The outbreak has been concentrated in the south and western parts of the country.
"From January 2 to May 7 2017, a total of 3,037 suspected cases of meningitis, including 179 deaths, was reported in the country," said the UN's humanitarian agency, OCHA.
"The fatality rate is 5.9 percent."
Meningitis is caused by different types of bacteria, six of which can cause epidemics. It is transmitted between people by coughing and sneezing, close contact and cramped living conditions.
The illness causes acute inflammation of the outer layers of the brain and spinal cord, with the most common symptoms being fever, headache and neck stiffness.
The UN agency had previously reported 120 deaths out of 2,102 suspected meningitis cases at the end of April. Forty-five percent of the total cases were of children between five and 14.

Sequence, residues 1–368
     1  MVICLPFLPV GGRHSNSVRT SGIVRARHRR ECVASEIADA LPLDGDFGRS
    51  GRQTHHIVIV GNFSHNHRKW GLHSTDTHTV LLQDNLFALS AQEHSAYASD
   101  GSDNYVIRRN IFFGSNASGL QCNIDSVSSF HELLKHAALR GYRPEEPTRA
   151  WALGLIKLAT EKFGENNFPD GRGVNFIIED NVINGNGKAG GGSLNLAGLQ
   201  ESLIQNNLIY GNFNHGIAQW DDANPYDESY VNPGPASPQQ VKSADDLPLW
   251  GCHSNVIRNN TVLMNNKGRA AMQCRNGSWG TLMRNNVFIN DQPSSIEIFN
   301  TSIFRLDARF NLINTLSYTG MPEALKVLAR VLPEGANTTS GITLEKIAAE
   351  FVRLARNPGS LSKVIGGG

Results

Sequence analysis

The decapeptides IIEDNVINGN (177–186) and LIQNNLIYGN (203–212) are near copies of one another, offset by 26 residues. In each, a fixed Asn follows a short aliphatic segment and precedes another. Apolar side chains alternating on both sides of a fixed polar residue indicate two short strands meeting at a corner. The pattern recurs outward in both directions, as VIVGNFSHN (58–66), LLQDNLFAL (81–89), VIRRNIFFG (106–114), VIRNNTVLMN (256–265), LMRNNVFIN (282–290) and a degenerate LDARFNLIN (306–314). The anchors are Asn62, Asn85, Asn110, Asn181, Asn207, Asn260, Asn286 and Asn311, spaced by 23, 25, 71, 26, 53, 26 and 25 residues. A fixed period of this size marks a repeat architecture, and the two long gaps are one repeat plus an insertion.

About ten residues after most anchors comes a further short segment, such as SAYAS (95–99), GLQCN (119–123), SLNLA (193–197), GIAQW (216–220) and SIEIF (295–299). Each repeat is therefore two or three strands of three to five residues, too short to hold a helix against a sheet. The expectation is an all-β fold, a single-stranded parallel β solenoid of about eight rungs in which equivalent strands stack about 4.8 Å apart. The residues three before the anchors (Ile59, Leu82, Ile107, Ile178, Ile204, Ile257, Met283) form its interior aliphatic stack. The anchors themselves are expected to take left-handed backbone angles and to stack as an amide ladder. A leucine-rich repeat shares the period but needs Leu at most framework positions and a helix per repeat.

Niger however has not been the worst affected African country this year.
Last week, the Centre for Disease Control announced that Nigeria -- Niger's neighbour to the south -- had recorded a total of 13,420 suspected cases in 23 states with 1,069 deaths.
Both countries lie in the so-called "meningitis belt" of sub-Saharan Africa which stretches from Senegal in the west to Ethiopia in the east, where outbreaks of the disease are a regular occurrence.
Niger's outbreak has been concentrated in the south and western parts of the country, but OCHA saw a drop in the number of cases beginning in April.
The town of Madarounfa, south of Maradi, is still experiencing an outbreak and Niamey remains on alert.
The UN, along with medical charity Doctors Without Borders (MSF) and other organisations, launched mass vaccination programmes in the affected areas, including Niamey.
Nigerien health minister Idi Illiassou Mainassara had said in April that Niger has enough medicine to treat up to 25,000 people.
The country went through a similar outbreak between January and June last year, when health authorities recorded 573 deaths and more than 8,500 cases.